We are one full week into summer vacation-- what a wonderful feeling! But that doesn’t mean we are taking a break from education. In the last week, members of our team have been doing some informal research.
I went to see an exhibit at The Charles River Museum called “The History of Disabilities in America.” It was researched, written, and curated by juniors at Gann Academy and was a major component of their US History class. With a special focus on The Fernald, these students curated a fascinating museum exhibit that brings into the light elements of our hidden history. Find some time this summer to check it out!
Ms. Long and Mr. Emery spent an afternoon at MIT to see the projects at EurekaFest to see the working prototypes developed by high school and college students who are solving real-world problems through invention. Some of their favorite inventions included:
While we are certainly trying to figure as much as beforehand as we can, it is safe to say that we also expect messy sections and will embrace those moments too.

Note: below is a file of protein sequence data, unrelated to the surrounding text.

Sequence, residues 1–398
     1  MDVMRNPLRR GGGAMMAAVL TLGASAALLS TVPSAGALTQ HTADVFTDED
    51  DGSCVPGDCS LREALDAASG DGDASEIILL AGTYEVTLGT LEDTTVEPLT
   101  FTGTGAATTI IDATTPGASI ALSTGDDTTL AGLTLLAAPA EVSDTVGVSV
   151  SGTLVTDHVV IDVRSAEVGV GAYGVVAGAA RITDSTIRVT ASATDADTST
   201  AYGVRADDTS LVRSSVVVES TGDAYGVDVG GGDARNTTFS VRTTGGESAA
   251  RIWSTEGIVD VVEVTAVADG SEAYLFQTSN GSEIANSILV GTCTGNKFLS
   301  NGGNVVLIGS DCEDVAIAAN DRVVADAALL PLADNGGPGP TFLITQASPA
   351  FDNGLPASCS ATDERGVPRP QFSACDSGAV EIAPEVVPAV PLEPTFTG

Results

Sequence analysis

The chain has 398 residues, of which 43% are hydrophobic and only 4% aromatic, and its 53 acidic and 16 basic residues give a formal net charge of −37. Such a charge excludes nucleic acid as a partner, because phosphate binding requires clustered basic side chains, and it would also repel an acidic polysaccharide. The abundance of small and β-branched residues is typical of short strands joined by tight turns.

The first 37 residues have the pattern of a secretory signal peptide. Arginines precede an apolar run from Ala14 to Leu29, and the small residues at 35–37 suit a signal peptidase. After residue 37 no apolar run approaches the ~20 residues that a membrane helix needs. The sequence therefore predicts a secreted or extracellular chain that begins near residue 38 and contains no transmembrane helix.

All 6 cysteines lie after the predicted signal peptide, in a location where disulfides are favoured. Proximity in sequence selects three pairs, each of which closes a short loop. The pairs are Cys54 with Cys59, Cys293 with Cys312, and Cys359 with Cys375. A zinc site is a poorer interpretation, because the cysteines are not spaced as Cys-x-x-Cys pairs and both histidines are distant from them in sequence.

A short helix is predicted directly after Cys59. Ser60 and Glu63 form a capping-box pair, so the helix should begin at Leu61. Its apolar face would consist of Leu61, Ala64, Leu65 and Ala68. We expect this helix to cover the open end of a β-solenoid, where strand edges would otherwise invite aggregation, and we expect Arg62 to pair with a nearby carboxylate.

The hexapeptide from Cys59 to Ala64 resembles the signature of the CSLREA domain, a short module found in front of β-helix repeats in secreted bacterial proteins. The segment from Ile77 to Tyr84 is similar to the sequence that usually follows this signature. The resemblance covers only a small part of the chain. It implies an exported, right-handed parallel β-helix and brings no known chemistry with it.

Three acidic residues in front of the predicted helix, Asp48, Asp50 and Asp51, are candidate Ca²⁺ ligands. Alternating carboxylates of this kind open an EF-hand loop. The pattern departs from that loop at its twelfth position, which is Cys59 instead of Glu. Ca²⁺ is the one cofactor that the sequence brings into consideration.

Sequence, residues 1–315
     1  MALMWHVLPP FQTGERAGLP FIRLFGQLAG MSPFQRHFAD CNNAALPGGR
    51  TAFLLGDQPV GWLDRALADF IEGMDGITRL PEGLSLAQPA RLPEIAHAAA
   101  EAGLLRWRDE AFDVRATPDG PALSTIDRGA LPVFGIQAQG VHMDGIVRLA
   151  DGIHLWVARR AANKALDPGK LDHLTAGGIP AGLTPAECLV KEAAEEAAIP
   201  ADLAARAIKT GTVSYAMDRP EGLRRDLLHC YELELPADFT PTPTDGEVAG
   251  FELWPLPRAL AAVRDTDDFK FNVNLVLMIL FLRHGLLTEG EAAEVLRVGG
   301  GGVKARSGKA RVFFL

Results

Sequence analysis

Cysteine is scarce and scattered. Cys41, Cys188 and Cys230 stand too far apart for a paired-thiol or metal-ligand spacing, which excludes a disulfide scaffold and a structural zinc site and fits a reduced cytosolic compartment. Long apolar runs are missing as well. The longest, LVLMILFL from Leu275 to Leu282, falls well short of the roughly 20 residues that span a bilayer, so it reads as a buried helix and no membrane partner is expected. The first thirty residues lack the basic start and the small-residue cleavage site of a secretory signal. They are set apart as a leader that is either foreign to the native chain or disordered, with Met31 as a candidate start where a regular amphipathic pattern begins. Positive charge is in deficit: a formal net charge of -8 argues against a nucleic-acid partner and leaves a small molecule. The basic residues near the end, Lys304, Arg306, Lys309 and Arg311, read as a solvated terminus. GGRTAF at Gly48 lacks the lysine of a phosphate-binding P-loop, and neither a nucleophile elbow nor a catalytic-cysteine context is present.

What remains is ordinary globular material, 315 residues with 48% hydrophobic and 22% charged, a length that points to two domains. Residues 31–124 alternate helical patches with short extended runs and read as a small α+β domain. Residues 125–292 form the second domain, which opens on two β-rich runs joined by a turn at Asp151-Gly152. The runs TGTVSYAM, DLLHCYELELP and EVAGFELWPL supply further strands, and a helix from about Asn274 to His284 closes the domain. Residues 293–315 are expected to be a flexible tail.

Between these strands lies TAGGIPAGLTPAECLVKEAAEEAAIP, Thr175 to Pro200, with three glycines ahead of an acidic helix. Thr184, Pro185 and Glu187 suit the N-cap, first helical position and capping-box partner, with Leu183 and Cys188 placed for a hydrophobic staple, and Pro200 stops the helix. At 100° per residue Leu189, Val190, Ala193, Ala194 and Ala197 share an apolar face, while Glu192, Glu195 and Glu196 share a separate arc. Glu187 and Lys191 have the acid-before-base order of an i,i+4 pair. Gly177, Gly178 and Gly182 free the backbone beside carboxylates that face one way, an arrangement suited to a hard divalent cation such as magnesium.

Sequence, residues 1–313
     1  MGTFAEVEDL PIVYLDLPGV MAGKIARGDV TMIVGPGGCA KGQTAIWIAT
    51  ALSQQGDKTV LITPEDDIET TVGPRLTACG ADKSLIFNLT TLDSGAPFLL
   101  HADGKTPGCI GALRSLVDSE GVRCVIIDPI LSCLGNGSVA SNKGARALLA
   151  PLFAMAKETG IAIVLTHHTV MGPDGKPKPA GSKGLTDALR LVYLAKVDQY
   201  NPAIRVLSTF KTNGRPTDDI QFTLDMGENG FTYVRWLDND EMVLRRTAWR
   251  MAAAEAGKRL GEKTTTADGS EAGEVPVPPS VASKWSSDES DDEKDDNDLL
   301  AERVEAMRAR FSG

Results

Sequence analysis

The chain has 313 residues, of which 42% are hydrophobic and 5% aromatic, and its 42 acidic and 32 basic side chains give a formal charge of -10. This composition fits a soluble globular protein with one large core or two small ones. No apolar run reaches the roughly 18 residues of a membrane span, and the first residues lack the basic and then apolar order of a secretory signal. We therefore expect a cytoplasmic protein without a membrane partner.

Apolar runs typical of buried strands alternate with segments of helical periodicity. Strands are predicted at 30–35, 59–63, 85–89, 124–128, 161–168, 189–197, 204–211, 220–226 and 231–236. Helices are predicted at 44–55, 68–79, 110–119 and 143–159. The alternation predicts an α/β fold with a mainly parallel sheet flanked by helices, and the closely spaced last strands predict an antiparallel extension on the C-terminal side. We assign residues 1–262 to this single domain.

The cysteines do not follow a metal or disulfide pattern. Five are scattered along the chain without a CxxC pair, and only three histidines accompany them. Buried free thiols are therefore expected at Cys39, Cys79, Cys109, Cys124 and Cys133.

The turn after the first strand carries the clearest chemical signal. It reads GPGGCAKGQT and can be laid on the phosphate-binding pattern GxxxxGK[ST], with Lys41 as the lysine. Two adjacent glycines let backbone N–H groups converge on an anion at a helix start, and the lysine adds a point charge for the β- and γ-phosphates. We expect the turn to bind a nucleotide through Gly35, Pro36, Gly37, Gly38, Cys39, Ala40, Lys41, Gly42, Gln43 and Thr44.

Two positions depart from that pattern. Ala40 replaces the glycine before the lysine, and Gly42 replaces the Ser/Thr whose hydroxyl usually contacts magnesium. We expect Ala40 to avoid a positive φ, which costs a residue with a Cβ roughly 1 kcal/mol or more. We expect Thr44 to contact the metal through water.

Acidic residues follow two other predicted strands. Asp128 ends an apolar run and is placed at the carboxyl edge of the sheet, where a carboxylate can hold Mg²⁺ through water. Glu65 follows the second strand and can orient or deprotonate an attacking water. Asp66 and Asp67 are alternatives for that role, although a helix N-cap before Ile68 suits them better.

As you walk into the English office, you can’t help but notice the bright glow of artificial lights and the overwhelming scent of fresh basil and cilantro. Visitors are invited in by kale plants growing tall and the sound of trickling water, as it circulates through the system and pumps nutrients into these thriving hydroponic plants.
One of my favorite PBL experiences from this year happened in Emilie Perna’s sophomore comp class. As our ChangeMaker English teacher, Emilie has been thinking about the power of PBL in her current classes. She worked with Mike Barnett, the Director of the Urban Science Education Lab at Boston College, to build and maintain two hydroponic systems. In their two period a week class, the 17 students studied maps of Waltham in order to research food inequities in our community, made decisions about what greens to grow, and problem-solved throughout the process: everything from what to do for yellowing plants and the best way to fill the systems with water. In the end, these students donated over 200 plants to local nonprofits.